But beyond arguing that the Supreme Court never sanctioned a reporter's privilege, Posner, in explaining his thinking to me, goes one step further and insists there shouldn't be such a privilege, that a reporter's need to get access to sensitive information about government should be weighed against the needs of prosecutors. "With a reporter's privilege, if you can hide your sources, how do we know that your reporting is accurate?" Posner asks. "Your sources may be major criminals, or the information they are secreting is information that might have great value."

Posner believes that sources will continue to leak sensitive information even if the reporters they leak to can be prosecuted for failing to name the source.

When I asked him how he would have voted in the Pentagon Papers case, Posner answers: "I'd be inclined to be of the view that the government can prevent the publication of classified materials. I would think that if it's unlawful for Daniel Ellsberg to take these documents out of the Pentagon, then I think it would be equally improper for a newspaper to publish the material."

Posner doesn't seem very impressed with journalists, or with arguments that their central watchdog function should provide them any special legal protection. His disdain for moral arguments about journalism's role in society (he finds morality to be a poor tool in the law in general) is evident in another recent Seventh Circuit decision, Hosty v. Carter. The ruling seems to extend the First Amendment-abridging reasoning the Supreme Court laid out in the controversial 1988 decision about high school journalism, Hazelwood v. Kuhlmeier, to the university level. In Hazelwood, Justice Byron White, writing for the majority, argued, "educators do not offend the First Amendment by exercising editorial control over the style and content of student speech in school-sponsored expressive activities so long as their actions are reasonably related to legitimate pedagogical concerns." Critics say Hosty tempts college administrators with the same right of prior review.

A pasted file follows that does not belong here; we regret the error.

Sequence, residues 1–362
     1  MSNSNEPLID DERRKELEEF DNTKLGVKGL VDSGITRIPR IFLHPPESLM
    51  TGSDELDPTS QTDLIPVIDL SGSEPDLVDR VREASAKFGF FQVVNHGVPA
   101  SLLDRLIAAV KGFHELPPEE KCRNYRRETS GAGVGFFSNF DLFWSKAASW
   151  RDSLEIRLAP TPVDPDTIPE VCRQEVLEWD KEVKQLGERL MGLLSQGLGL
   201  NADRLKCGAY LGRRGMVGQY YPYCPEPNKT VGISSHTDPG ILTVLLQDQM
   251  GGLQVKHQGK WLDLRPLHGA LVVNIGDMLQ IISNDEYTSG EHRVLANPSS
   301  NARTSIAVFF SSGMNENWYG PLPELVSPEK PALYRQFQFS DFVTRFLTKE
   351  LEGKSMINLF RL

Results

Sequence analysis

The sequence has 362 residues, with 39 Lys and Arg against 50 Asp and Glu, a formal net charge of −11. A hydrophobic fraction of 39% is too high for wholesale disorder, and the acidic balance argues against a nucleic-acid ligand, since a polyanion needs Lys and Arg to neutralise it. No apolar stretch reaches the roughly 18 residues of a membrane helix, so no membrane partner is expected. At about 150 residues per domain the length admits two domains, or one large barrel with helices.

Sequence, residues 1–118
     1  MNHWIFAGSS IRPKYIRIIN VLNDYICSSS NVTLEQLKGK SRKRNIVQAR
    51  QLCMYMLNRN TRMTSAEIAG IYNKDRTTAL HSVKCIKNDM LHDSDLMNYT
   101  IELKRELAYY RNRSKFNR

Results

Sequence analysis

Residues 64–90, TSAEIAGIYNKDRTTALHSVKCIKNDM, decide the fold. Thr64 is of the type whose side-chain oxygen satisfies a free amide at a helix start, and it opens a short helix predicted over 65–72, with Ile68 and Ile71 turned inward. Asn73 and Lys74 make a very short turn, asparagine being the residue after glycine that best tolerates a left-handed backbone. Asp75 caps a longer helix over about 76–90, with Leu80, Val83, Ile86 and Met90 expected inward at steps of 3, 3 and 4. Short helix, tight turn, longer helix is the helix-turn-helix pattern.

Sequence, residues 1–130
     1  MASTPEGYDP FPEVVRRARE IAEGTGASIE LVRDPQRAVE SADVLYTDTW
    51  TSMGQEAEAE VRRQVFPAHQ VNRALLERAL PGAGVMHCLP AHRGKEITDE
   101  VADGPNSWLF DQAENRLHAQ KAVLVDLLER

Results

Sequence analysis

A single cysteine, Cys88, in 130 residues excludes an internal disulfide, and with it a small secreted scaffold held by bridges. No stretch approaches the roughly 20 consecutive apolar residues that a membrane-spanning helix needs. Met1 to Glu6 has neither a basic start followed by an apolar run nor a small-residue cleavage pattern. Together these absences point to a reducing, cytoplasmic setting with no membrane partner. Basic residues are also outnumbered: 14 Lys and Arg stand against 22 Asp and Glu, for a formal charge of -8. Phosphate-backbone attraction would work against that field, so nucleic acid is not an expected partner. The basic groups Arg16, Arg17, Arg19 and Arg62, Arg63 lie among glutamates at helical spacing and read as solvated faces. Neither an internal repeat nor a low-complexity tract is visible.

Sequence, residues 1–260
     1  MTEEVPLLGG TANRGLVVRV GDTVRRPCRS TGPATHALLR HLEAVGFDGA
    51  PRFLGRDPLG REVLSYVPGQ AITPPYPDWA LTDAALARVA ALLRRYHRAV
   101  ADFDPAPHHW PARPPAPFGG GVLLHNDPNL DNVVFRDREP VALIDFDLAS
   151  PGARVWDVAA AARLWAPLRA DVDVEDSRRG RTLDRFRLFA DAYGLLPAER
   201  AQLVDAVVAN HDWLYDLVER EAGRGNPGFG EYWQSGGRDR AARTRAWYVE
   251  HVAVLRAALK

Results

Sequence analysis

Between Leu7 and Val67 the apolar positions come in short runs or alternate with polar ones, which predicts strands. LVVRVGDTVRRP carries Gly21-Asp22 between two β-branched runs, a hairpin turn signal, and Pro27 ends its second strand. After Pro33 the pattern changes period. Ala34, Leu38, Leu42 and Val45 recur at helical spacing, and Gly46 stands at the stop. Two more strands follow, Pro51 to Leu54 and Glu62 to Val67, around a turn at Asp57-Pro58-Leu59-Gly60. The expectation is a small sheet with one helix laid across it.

Posner explains his thinking on this in terms of the market, creatively injecting into the mixture issues of competition for tuition dollars between public and private schools. "I think whenever you have a public and private sector providing basically identical services, you don't want the law to treat the two differently, otherwise you destroy the competitive balance," he explains, pointing out that since private universities can censor, public schools that can't are in an unfair competitive position. "Market concerns," he says, "should be weighed with the First Amendment rights of college journalists."

Judge Posner's chambers, on the twenty-seventh floor of the Dirksen Federal Building, are covered with the byproducts of the practice of law. That's where I wait for Posner one Friday in late September, while he confers with his two colleagues about the morning's arguments. I scan the room for traces of personality amid the spines and sheets. Evidence books and briefs are piled on a side table near his green leather sofa -- the least cluttered corner of his office. His blinds are drawn, and I ask his assistant, Charlene Purcell, if that's Lake Michigan I glimpse through the slats. "Yes!" she says excitedly, and steps over a cart laden with law to raise the dull white blinds. "But the judge doesn't really pay attention to that sort of thing," she says. "He's usually focused on his work." The blinds slide up, the lake sparkles below; white sailboats sprinkle the water in the marina just beyond Millennium Park. It should be against the law to leave such windows shrouded.